Tango guest-houses have seen few or no guests at all this past year
This story is part of the ongoing series Tango in the Time of Covid-19
The closing of milongas due to the Covid lockdown has been lamented a lot this past year. The absence of dancing together in a physical space and the lack of real togetherness has been painful for many dancers, mostly on a social and emotional level. But organizers, hosts, and owners of dance venues that have had to shut down have also suffered often devastating financial losses.
Little has been said about the shutdown of another vital part of Argentine tango: tango guest-houses. These used to be a welcome place to stay for visitors from out of town, offering an all-around tango experience for many traveling tangueros. Whether, as a tango aficionado, you would visit a certain place with the intention of combining a sightseeing trip with tango, or whether your sole purpose was a tango vacation at a place that offered workshops on site plus a bed for the night and a kitchen where you could share a meal with others, tango guest-houses have always been a place of community where visiting tangueros could mix and mingle with other newcomers as well as with the locals.
The social component of the ‘casas de huéspedes tango’ (tango guest-houses) should not be underestimated, says Ricarda Siebold, who until recently owned two such establishments in Buenos Aires. The German native has lived in Argentina for over twenty years, and opened her first tango guest-house, Lunallena, in 2001. At the time, she tells me, when many Argentines left the country because of Argentina’s financial crash, she and a handful of other like-minded members of the tango community stayed against all odds, and began boosting the crumbling economy by offering lodgings for tango visitors from abroad. The concept wasn’t new, but this small group of young entrepreneurs gave it a fresh twist, addressing the younger and more contemporary international tango scene. It worked, and over time they welcomed countless guests from all over the world. They took them to milongas and informed them about the tango scene and the local culture. Ricarda’s ballroom at Lunallena was spacious enough for hosting her own milongas so that her visitors ‘didn’t have to waste a week out of their precious two-week vacation’.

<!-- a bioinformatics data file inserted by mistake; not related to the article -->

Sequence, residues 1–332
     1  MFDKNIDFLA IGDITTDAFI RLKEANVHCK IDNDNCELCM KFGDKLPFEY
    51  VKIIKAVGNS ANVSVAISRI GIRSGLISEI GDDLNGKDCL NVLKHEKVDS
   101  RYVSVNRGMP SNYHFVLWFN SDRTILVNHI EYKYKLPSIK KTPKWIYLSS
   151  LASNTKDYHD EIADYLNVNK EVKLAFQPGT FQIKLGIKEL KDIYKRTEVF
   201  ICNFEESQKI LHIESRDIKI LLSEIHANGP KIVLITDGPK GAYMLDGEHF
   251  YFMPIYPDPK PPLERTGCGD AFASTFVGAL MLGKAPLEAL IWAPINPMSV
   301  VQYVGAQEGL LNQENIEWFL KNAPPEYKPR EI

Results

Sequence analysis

Tango guest-houses such as hers quickly became desirable destinations for visitors from abroad who preferred an authentic tango experience to an otherwise impersonal one at traditional lodgings. They began flourishing to the point where Siebold expanded her business by opening a second tango guest-house, Lunalila, in a distinguished neighborhood of the city. But with Airbnb moving in and attracting younger people who prefer traveling on a budget, the tango houses in Buenos Aires began to lose business. Some of them have struggled hard for the past five years.
To make matters worse, since last March there have been no foreign tourists in Argentina — and no one knows when they will be allowed back in. All cultural locations have been closed, and only restaurants, bars, and shops are open, and in limited ways. Ricarda has been one of the luckier ones in the multifaceted tango industry; she tells me that she has been able to live off her savings. But after almost a whole year without any guests she finally had to let go of the older of her two buildings, Lunallena, which required major repair and upgrading. After the sale and transfer, which was made final on February 19th, she now has enough financial leeway to survive for another couple of months until Argentina decides to open its borders again — hopefully by October. There is currently a protocol in place for tango by the Argentine government which the city of Buenos Aires has not yet approved. As a result, outdoor milongas that are currently taking place are not always legal. No one really knows what’s legal and what’s not, says Ricarda, leaving her and others with an uncertain future.